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# Solutions for Chapter 6.9: Statistics for Engineers and Scientists 4th Edition

## Full solutions for Statistics for Engineers and Scientists | 4th Edition

ISBN: 9780073401331

Solutions for Chapter 6.9

Solutions for Chapter 6.9
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##### ISBN: 9780073401331

Chapter 6.9 includes 10 full step-by-step solutions. This textbook survival guide was created for the textbook: Statistics for Engineers and Scientists , edition: 4. Since 10 problems in chapter 6.9 have been answered, more than 122173 students have viewed full step-by-step solutions from this chapter. This expansive textbook survival guide covers the following chapters and their solutions. Statistics for Engineers and Scientists was written by and is associated to the ISBN: 9780073401331.

Key Statistics Terms and definitions covered in this textbook
• Additivity property of x 2

If two independent random variables X1 and X2 are distributed as chi-square with v1 and v2 degrees of freedom, respectively, Y = + X X 1 2 is a chi-square random variable with u = + v v 1 2 degrees of freedom. This generalizes to any number of independent chi-square random variables.

• Alias

In a fractional factorial experiment when certain factor effects cannot be estimated uniquely, they are said to be aliased.

• Alternative hypothesis

In statistical hypothesis testing, this is a hypothesis other than the one that is being tested. The alternative hypothesis contains feasible conditions, whereas the null hypothesis speciies conditions that are under test

• Analysis of variance (ANOVA)

A method of decomposing the total variability in a set of observations, as measured by the sum of the squares of these observations from their average, into component sums of squares that are associated with speciic deined sources of variation

• Attribute

A qualitative characteristic of an item or unit, usually arising in quality control. For example, classifying production units as defective or nondefective results in attributes data.

• C chart

An attribute control chart that plots the total number of defects per unit in a subgroup. Similar to a defects-per-unit or U chart.

• Causal variable

When y fx = ( ) and y is considered to be caused by x, x is sometimes called a causal variable

• Cook’s distance

In regression, Cook’s distance is a measure of the inluence of each individual observation on the estimates of the regression model parameters. It expresses the distance that the vector of model parameter estimates with the ith observation removed lies from the vector of model parameter estimates based on all observations. Large values of Cook’s distance indicate that the observation is inluential.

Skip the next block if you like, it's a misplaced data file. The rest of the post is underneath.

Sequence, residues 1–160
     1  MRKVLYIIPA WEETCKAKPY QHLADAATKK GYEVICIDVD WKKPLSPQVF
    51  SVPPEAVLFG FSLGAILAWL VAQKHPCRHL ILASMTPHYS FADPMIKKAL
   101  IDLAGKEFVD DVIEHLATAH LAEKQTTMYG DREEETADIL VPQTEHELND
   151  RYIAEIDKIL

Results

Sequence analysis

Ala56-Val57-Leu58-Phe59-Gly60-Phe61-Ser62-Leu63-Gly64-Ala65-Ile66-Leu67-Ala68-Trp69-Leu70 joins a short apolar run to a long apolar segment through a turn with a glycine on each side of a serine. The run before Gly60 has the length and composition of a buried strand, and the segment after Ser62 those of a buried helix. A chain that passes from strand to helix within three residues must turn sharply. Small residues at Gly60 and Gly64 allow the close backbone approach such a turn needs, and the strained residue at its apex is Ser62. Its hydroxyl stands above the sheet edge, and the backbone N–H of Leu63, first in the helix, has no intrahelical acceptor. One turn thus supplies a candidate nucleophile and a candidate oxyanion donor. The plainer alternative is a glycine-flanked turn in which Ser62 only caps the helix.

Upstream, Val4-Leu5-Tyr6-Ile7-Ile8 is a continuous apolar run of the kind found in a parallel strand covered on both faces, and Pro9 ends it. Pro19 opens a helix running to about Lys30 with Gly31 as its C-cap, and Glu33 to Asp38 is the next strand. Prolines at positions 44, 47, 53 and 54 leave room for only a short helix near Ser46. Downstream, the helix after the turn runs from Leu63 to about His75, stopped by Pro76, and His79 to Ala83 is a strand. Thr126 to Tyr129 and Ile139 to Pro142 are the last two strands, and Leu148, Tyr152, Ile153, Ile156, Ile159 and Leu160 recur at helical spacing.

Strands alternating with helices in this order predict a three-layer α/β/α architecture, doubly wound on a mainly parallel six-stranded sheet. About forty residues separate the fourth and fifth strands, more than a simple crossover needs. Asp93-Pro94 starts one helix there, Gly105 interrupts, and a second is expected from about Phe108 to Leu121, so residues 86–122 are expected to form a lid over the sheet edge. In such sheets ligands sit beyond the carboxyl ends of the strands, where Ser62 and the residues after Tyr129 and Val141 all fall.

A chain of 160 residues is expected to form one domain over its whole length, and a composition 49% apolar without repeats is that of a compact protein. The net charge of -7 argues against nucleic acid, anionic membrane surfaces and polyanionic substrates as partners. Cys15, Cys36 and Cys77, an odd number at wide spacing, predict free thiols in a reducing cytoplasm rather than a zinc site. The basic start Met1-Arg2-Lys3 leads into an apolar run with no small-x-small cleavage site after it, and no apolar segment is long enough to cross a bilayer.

• Counting techniques

Formulas used to determine the number of elements in sample spaces and events.

• Covariance matrix

A square matrix that contains the variances and covariances among a set of random variables, say, X1 , X X 2 k , , … . The main diagonal elements of the matrix are the variances of the random variables and the off-diagonal elements are the covariances between Xi and Xj . Also called the variance-covariance matrix. When the random variables are standardized to have unit variances, the covariance matrix becomes the correlation matrix.

• Decision interval

A parameter in a tabular CUSUM algorithm that is determined from a trade-off between false alarms and the detection of assignable causes.

• Defect

Used in statistical quality control, a defect is a particular type of nonconformance to speciications or requirements. Sometimes defects are classiied into types, such as appearance defects and functional defects.

• Dispersion

The amount of variability exhibited by data

• Enumerative study

A study in which a sample from a population is used to make inference to the population. See Analytic study

• Error of estimation

The difference between an estimated value and the true value.

• Exponential random variable

A series of tests in which changes are made to the system under study

• False alarm

A signal from a control chart when no assignable causes are present

• Finite population correction factor

A term in the formula for the variance of a hypergeometric random variable.

• Forward selection

A method of variable selection in regression, where variables are inserted one at a time into the model until no other variables that contribute signiicantly to the model can be found.

• Harmonic mean

The harmonic mean of a set of data values is the reciprocal of the arithmetic mean of the reciprocals of the data values; that is, h n x i n i = ? ? ? ? ? = ? ? 1 1 1 1 g .

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